Syria says it needs no help in investigation of killings

By REUTERS
April 27, 2011 04:20

Damascus rejects Ban's call for independent probe; Assad sends troops into Douma, continues Deraa crackdown where activists say 35 dead.

2 minute read.



Syrian protesters in Deraa hoisting large flag

Syrian protesters in Deraa hoisting large flag 311 (R). (photo credit: REUTERS)

UNITED NATIONS - Syria is perfectly capable of conducting its own transparent inquiry into the deaths of anti-government demonstrators and needs no outside assistance, Syria's UN envoy said on Tuesday.

"Syria has a government, has a state," Ambassador Bashar Ja'afari told reporters who asked about a call by UN chief Ban Ki-moon for an investigation. "We can undertake any investigation by our own selves with full transparency."

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"We have nothing to hide," he said outside the UN Security Council chambers, where members failed to agree on a statement condemning Syria's government.

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"We regret what's going on, but you should also acknowledge the fact that this unrest and riots, in some of their aspects, have hidden agendas," he said, adding that some foreign governments were trying to destabilize Syria.

Asked by reporters to name the countries that Damascus believes are behind the unrest, Ja'afari said it was "too early" to provide details.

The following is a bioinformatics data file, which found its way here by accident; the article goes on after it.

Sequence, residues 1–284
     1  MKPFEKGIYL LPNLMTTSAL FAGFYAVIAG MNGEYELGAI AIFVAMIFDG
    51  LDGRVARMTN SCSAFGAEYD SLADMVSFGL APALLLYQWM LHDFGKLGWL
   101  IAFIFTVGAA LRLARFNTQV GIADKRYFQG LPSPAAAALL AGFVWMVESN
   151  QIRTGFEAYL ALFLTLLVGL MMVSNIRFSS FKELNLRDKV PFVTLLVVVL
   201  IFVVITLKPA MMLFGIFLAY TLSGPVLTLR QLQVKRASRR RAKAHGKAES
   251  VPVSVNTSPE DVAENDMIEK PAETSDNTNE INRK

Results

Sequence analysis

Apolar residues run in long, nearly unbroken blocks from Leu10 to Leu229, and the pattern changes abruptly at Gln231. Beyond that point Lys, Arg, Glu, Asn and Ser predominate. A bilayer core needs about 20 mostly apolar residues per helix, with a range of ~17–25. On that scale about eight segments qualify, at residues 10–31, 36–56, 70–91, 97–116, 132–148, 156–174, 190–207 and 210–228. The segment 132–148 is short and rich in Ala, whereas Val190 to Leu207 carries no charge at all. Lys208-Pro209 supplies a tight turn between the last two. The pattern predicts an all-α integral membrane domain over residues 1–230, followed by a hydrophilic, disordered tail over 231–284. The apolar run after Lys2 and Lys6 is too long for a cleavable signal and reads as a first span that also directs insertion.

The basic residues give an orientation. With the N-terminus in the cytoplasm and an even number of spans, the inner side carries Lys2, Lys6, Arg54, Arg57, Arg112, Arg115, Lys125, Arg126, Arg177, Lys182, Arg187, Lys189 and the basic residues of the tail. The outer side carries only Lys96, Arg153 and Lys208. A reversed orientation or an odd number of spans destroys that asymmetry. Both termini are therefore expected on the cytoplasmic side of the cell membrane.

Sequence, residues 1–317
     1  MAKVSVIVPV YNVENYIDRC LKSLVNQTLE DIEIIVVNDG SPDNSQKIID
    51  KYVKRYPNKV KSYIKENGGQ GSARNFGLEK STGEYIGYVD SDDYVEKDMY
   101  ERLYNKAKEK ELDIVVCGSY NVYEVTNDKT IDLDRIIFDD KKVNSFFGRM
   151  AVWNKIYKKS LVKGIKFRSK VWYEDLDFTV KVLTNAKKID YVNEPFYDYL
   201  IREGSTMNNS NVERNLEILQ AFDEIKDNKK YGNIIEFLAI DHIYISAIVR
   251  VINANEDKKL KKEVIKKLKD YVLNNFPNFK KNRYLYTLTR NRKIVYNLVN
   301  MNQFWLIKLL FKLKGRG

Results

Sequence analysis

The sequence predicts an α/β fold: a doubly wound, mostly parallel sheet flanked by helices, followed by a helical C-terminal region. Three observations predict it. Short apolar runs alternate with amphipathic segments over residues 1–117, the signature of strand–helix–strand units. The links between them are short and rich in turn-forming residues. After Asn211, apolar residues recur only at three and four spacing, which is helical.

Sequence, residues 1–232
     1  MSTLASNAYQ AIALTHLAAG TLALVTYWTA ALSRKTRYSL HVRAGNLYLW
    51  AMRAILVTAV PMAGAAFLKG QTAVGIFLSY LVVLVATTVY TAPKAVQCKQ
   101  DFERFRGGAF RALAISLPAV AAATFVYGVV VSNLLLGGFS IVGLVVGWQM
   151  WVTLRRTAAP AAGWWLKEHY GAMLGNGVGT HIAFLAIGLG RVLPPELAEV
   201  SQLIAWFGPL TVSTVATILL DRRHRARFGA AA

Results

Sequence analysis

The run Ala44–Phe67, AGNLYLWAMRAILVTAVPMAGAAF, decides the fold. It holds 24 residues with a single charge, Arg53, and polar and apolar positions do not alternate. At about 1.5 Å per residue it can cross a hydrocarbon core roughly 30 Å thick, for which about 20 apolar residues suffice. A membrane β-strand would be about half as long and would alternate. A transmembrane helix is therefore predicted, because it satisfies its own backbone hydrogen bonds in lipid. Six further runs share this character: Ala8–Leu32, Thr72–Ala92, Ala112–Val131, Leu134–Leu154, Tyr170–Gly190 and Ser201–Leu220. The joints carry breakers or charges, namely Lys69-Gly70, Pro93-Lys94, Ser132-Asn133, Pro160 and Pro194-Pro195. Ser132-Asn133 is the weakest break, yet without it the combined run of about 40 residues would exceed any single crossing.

Ja'afari was speaking as Syrian President Bashar Assad poured troops into a suburb of the capital overnight while his tanks pounded Deraa to crush resistance in the southern city where the revolt against his autocratic rule began on March 18.

White buses brought in hundreds of soldiers in full combat gear into the northern Damascus suburb of Douma, a witness told Reuters on Wednesday, from where pro-democracy protesters have tried to march into centre of the capital in the last two weeks but were met with bullets.

Syrian human rights organization Sawasiah said security forces have killed at least 35 civilians since they entered Deraa at dawn on Monday.

The organization, founded by jailed human rights lawyer Mohannad al-Hassani, said electricity, water and telecommunications remained cut in Deraa and tanks kept firing at residential buildings, with supplies blood at hospitals starting to run low.

At least 400 civilians have been killed by security forces in their campaign to crush the protests, Sawasiah said, adding that the United Nations Security Council must convene to start proceedings against Syrian officials in the International Criminal Court and "rein in the security apparatus".

The UN secretary-general has called for an independent inquiry into the deaths of people he has described as peaceful demonstrators.

Ja'afari said Assad had instructed the government "to establish a national commission of inquiry and investigation about all the casualties among civilians."

"We don't need help from anybody," he said.

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